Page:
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My new Aussie puppy reminds me of the dog-training book, "Good Dog, Bad Dog." Meanwhile, the flood of e-mail after my column on Kaiser Health suggests that it's time for a book "Good Kaiser, Bad Kaiser."

If you want to see the fur fly, say something good about Kaiser.

Plenty of people were quick to disabuse me of the thought that Kaiser was vastly improved as a result of all that money they have been making. Several pointed out instances of sloppy, inattentive care and misdiagnosed illnesses. A few of these stories sounded horrendous and inexcusable.

In the same vein, others pointed out that Kaiser has several different benefit levels which can leave people in some situations with an unlimited amount that they might have to pay. Prescription drugs, in one example, were covered up to a limit which meant that the patient had to pay for everything over that limit. In the individual insurance market, Kaiser, of course, requires that applicants prove their insurability by having no pre-existing conditions.

One especially important arrow in Kaiser's quiver, in theory at least, is the practice of preventive care. Unlike most other insurance programs, an HMO like Kaiser has an economic interest in early detection and prevention of illnesses. HMO, after all, stands for Health Maintenance Organization.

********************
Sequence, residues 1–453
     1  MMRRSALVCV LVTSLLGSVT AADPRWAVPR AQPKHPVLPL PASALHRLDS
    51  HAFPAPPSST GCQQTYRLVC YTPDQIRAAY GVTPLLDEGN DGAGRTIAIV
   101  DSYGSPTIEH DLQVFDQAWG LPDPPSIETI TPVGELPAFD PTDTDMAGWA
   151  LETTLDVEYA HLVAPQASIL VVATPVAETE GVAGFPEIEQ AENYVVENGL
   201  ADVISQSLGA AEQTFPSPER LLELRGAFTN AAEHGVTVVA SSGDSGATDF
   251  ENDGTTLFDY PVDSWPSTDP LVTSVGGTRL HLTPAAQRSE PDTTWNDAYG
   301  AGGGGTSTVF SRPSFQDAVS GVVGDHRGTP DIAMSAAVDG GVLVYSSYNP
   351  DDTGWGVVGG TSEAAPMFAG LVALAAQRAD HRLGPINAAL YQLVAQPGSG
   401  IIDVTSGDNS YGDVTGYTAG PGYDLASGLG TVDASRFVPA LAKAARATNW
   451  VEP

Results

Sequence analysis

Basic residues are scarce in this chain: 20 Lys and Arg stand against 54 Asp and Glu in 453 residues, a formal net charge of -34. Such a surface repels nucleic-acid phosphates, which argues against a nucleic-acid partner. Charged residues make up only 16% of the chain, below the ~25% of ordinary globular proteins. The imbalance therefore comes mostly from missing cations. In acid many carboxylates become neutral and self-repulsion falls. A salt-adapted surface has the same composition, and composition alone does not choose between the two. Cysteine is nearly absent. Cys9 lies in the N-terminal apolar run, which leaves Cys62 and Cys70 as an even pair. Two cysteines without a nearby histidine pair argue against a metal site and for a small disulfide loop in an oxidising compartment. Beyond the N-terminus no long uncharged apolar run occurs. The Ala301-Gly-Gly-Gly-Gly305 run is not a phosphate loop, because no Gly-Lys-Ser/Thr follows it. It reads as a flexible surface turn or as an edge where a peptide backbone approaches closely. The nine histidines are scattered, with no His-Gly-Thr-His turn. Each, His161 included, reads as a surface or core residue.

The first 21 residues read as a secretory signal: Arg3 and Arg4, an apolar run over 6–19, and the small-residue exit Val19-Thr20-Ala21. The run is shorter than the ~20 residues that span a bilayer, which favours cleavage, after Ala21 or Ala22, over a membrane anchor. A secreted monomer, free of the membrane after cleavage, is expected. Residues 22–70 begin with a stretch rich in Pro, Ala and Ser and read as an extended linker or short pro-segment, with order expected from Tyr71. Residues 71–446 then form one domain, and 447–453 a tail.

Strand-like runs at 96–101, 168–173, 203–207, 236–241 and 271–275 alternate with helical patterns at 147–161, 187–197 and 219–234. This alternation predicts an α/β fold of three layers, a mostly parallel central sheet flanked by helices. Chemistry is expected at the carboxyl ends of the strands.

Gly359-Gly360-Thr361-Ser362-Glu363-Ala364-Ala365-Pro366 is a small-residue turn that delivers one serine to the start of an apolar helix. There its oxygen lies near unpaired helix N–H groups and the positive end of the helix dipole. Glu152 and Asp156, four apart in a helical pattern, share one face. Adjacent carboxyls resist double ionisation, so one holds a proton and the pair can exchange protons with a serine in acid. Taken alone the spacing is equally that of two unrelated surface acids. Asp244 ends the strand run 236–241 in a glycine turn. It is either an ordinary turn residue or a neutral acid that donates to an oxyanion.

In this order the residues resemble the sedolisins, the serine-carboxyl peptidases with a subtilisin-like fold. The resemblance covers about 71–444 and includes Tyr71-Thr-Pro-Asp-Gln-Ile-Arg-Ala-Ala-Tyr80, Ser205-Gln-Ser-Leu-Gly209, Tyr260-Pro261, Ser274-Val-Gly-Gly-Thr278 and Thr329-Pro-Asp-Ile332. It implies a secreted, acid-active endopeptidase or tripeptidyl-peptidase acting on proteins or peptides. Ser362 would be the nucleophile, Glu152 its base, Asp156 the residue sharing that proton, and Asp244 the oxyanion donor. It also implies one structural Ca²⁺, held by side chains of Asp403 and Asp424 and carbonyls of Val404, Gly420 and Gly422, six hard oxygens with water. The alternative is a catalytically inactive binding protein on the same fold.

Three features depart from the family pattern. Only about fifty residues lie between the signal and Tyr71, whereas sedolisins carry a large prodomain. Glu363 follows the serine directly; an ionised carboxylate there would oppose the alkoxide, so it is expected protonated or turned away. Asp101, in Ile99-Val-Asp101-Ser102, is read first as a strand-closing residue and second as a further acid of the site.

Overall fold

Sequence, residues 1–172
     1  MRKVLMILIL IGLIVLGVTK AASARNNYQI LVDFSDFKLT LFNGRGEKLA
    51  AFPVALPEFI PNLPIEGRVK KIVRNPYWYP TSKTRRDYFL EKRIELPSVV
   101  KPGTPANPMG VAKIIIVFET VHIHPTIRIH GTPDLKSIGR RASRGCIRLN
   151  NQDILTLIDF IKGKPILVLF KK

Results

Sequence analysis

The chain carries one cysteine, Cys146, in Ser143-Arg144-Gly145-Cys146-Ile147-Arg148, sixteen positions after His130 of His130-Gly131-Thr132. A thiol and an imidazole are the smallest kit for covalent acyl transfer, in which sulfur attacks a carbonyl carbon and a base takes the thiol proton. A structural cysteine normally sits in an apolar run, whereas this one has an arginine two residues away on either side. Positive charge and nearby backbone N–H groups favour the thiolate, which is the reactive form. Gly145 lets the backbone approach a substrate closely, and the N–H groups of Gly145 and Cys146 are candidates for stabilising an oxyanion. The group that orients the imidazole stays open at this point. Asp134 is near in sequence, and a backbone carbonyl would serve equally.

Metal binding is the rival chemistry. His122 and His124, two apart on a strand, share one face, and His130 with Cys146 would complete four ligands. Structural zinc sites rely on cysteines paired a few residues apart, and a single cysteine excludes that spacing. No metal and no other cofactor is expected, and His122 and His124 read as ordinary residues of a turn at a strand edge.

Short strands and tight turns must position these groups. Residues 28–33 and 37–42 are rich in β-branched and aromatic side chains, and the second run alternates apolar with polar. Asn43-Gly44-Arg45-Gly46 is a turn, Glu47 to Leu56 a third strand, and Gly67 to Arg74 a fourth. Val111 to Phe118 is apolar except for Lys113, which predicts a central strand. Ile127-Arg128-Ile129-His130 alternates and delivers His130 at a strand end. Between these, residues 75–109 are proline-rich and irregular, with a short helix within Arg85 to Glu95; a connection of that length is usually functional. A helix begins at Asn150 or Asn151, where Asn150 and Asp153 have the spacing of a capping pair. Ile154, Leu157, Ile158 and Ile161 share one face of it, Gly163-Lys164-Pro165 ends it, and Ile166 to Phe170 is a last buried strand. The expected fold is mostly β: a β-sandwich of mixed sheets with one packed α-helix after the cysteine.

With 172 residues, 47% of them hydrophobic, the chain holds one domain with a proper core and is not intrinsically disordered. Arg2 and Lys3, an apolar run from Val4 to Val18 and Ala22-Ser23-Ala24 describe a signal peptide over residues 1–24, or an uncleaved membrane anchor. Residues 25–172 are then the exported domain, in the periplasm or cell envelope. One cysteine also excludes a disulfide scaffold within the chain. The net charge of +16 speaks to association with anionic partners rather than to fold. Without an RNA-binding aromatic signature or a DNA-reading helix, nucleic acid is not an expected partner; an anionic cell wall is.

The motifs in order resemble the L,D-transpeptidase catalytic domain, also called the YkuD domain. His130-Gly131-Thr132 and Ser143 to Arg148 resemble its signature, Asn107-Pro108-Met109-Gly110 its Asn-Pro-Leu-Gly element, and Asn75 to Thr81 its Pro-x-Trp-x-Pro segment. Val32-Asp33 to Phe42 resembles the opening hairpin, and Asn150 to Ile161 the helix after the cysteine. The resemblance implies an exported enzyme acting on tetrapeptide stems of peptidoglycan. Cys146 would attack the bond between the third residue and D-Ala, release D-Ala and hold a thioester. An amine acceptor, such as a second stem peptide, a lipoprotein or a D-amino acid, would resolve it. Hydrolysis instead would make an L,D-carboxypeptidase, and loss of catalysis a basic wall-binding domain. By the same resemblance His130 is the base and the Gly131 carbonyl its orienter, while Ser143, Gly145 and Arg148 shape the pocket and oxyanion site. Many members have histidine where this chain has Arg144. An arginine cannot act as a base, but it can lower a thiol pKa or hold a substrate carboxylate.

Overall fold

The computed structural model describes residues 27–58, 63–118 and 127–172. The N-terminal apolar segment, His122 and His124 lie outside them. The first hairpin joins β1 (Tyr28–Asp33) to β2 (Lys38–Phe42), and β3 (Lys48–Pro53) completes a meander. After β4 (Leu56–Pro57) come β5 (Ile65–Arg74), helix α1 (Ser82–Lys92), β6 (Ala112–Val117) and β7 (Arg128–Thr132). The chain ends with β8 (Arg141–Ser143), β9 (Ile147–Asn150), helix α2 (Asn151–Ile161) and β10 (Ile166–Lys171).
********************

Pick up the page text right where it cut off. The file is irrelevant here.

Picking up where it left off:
A few people wrote to tell me that those physical exams were woefully inadequate, the worse they had ever received by one account.

Examples? No coughing check for hernia or PSA test for starters. In one case, a new Kaiser enlistee, disgusted with what experience told him was a second-rate physical, asked for another Kaiser doctor at another location. He came away extremely pleased and said, "You just have to do your homework."

Kaiser is having no trouble filling doctors' jobs. One e-mail noted that doctors coming out of the nation's medical schools have selected Kaiser as one of the most popular possible job options. A recent top job had two finalists — one from the Stanford Medical School's faculty and another from Harvard's. They picked the Harvard guy.

One wonders why we haven't heard more about the Kaiser model as part of the debate on national health care. After all, their patient record-keeping is 100 percent computerized while the rest of the industry is at less than 10 percent. Computerization is supposed to be the key to holding down costs. The answer was supplied by yet another e-mail as follows: A portion of Kaiser is an insurance company like everyone else. They belong to an association of similar insurance companies that they don't want to antagonize. Throughout this national debate on improving a dysfunctional system, the HMO has remained largely below the radar.

I would offer a more cynical reason. The longer the rest of an inefficient industry continues to raise prices in their regional oligopolies, the greater the advantage for Kaiser. The status-quo is serving them well, so why would they step up to the plate and offer to solve problems on any kind of national scale? Why step right into a buzz saw?

What I would like to see is a collaborate effort on the part of private industry to offer health care to everyone with no proof of insurability. This would solve the major problem for early retirees and the unemployed who find themselves without coverage and at risk of losing everything in the event of even a minor illness.

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